Memo to mom-bloggers and editors at parenting sites everywhere:You want fathers blogging. You need to encourage fathers to blog ... about parenting, about work/life balance, about everything you write about. So let's open the gates ...
There was a fuss recently at the parenting site Babble over a series of lists. The first, Top 50 Twitter Moms, inspired some left-out-feeling dad tweeters to start a tongue-in-cheek #occupybabble hashtag. Then Babble came out with a list of the Top 50 Dad Bloggers, and that caused its own fuss, which led to CecilyK at MomCrunch at Babble to write this:
I also find it fairly ironic (and somewhat irritating) that dad bloggers are insisting that they be awarded the same attention, accolades and respect that mom bloggers get -- which, hilariously, is actually very little. You'll forgive my cynicism; I was just reminded that women will make two million dollars LESS in their lifetimes than their male colleagues, so I'm having a lot of trouble with dads feeling left out of much of anything.
A few days later, she did the honorable thing and went an interviewed prominent dad blogger Jason Avant, who put her straight gently:
So much of what we see as men and dads is contradictory. Mothers want to be recognized that mothering is very challenging in this time in history, and so do dads. So when this very committed sector of men wants to be recognized -- the face of fatherhood today -- we're writing about it and sharing about it, and we are trying to address some of the biggest complaints about men and fatherhood generally.
Which led CeciliyK to graciously apologize. Nicely done all around. But for all their candor, Avant and CecilyK danced around the underlying power struggle here, the massive shift we are seeing as the patriarchy crumbles and both moms and dads try to build sustainable families in a post-industrial age.
Mom bloggers need to realize something. Dad bloggers are your allies. These are the guys you should be nurturing, supporting, like sweet little fuzzy chicks tottering around the farm yard. Like Avant says, these are the guys who are creating the new paradigms of fatherhood, the ones in which dads will not dump much of the child care and housework on women.
Yes, men still run the world. Yes, there is a wage gap. But it is more complicated than that (see this story from Atlantic Cities for more). Many, if not most, guys are in some sort of trouble, with either their traditional jobs slipping away or their traditional family role disappearing. You may lack sympathy for this -- the dominant gender finally falling -- but it is confusing and hard for well-meaning, individual men. See Hanna Rosin's End of Men article in the Atlantic. See the slew of new troubled guy sitcoms on TV. See Joan C. Williams in her book or writings on why men and class matter.
As annoying as this may be, women need men for feminism to truly succeed. It is something that Lisa Belkin wrote about just last year, and something people like Gloria Steinhem have been saying for ages:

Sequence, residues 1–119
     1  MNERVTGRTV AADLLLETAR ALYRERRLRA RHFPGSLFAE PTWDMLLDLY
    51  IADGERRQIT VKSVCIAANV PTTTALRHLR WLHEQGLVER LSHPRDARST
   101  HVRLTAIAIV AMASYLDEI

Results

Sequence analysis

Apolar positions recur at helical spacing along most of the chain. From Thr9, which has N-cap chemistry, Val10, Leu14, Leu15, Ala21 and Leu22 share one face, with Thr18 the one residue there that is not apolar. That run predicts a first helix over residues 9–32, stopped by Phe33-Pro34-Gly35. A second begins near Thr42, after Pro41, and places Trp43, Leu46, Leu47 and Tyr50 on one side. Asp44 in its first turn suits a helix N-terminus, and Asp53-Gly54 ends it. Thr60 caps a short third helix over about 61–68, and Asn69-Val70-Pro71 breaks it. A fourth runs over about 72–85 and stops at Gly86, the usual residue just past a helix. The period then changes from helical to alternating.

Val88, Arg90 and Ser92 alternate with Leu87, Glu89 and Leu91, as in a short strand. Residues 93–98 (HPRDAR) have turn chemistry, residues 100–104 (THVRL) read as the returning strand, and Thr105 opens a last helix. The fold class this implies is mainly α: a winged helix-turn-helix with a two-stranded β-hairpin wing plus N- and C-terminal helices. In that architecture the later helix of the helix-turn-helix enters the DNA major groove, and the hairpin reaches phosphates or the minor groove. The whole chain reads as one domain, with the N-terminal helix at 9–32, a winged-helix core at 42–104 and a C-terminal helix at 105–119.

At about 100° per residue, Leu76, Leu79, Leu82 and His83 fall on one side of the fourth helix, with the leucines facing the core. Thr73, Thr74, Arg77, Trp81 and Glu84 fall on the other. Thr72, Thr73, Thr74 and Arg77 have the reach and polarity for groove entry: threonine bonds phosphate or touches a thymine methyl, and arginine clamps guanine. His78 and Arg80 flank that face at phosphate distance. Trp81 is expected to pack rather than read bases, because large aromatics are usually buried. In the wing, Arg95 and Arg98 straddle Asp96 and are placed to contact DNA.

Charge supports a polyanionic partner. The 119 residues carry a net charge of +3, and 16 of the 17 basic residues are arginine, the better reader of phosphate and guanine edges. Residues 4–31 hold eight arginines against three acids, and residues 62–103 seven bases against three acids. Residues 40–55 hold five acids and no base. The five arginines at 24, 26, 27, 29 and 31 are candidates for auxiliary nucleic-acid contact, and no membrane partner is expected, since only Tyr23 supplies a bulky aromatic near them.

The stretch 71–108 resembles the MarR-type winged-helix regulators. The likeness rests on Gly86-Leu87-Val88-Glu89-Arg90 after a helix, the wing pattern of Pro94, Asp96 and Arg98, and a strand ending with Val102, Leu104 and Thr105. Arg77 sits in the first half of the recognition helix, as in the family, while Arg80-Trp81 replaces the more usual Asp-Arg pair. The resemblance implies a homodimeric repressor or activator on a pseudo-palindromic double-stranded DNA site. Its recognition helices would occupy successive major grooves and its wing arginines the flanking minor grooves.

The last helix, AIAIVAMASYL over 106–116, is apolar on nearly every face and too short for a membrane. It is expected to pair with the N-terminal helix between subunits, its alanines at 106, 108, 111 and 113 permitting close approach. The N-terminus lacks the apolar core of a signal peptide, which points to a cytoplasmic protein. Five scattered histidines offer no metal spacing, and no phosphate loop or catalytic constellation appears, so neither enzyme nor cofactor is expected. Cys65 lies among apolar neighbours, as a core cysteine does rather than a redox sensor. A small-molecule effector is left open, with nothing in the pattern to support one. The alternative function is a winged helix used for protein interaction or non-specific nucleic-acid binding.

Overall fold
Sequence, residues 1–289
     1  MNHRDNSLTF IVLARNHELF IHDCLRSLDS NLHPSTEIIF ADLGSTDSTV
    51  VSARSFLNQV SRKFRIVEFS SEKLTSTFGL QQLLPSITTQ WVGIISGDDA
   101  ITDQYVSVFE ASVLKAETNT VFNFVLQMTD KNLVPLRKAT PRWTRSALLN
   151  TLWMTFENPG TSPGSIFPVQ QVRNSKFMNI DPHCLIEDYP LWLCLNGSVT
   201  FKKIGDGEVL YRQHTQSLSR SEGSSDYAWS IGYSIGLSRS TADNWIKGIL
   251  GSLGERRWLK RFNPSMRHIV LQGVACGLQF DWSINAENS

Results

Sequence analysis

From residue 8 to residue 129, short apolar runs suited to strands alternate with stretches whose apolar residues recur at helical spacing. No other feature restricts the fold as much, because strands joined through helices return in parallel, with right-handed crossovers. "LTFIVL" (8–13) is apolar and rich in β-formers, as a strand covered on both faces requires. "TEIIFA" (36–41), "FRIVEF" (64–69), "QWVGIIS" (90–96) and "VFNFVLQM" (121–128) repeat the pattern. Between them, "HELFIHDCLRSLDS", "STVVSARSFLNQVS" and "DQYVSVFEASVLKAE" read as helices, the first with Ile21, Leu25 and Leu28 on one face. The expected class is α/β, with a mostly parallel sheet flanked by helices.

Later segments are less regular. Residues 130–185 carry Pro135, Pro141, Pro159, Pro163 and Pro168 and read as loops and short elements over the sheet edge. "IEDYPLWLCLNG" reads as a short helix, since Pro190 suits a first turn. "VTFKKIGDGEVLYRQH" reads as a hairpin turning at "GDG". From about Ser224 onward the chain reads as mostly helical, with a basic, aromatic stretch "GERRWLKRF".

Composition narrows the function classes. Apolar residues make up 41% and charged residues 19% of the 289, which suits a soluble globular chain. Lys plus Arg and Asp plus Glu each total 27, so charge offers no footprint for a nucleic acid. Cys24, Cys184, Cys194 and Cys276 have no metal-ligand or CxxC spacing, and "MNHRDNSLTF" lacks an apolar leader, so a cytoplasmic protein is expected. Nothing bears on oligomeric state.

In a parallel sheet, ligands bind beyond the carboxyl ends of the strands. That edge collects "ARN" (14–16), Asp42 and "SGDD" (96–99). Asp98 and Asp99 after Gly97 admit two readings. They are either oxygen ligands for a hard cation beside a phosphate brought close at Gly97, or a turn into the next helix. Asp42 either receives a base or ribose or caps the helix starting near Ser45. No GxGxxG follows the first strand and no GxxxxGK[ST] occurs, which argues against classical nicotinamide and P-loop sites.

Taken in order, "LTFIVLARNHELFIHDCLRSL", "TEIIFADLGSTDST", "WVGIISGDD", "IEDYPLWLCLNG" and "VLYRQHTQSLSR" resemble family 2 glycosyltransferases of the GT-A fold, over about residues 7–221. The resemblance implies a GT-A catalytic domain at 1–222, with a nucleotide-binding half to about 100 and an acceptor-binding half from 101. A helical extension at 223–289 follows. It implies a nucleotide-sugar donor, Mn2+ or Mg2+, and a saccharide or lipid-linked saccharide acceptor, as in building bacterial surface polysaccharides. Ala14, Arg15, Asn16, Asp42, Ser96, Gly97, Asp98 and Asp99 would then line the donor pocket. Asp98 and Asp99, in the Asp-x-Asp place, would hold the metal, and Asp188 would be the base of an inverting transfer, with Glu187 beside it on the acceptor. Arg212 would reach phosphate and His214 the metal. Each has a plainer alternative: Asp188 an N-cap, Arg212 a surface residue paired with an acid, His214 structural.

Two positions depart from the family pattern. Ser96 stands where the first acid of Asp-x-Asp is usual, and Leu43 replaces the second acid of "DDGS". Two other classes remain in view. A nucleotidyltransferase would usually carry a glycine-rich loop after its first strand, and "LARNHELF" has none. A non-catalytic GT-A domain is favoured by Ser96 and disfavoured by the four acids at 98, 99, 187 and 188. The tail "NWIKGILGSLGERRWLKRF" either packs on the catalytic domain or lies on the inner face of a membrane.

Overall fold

We know that we can do what men can do, but we still don't know that men can do what women can do. That's absolutely crucial. We can't go on doing two jobs.
And as mom bloggers, you are likely in a good spot. You have real leverage. See this post from Parentlode today -- mom bloggers are more politically aware, socially involved, better educated, than the average woman with children and wealthier than average too.
Believe me, dad-blog-level parenting is not the easy road for a dude. It's much easier to turn into a cubicle slave, play golf all weekend or hide nightly in a man cave.
Here in Sweden, where I live, they included men in the first comprehensive parental leave law way back in 1974. It's been a long slog, but now fathers take almost a quarter of all parental leave days here, with some people projecting that men will reach near 50 percent by the 2020s. And that's for infants and toddlers. It's slow. It's not perfect. But it is progress, and it is happening because men are being welcomed -- or shoved -- into the parenting world.
Of course, in the U.S., since Americans apparently don't do community or safety nets anymore, this kind of change happens more organically and painstakingly, one family at a time. But it is happening, and the ever-so-mild rise of the dad bloggers is one sign of this.
This is why it is so galling for many dad bloggers to see corporate campaigns built on paternal incompetence, to see shows built around the father as boob, and to be marginalized in parenting magazines and websites.
In a post on the site Man of the House in August, Avant waxed poetic about the impact of mom-bloggers:
The fact of the matter is this: women dominate the online creative writing space. They've defined and re-defined blogging in ways that men (especially dads) haven't. I'd argue that one cannot be a successful blogger--in whatever way one chooses to measure that success--without reading and understanding women like Heather Armstrong, Ree Drummond and the myriad of strong Internet writers who happen to be female.
That is special. Mom blogger communities are a digital marvel, a true sign of how the internet can foster connection, not alienation. But maybe now it's time to open the doors. This is not about stealing mom-blog ad revenue or pushing men to become more feminine or parent like moms. It is about reimagining the masculine in a world of innovation, equal relationships and shared parenting. That requires collaboration, and that would be good for everyone.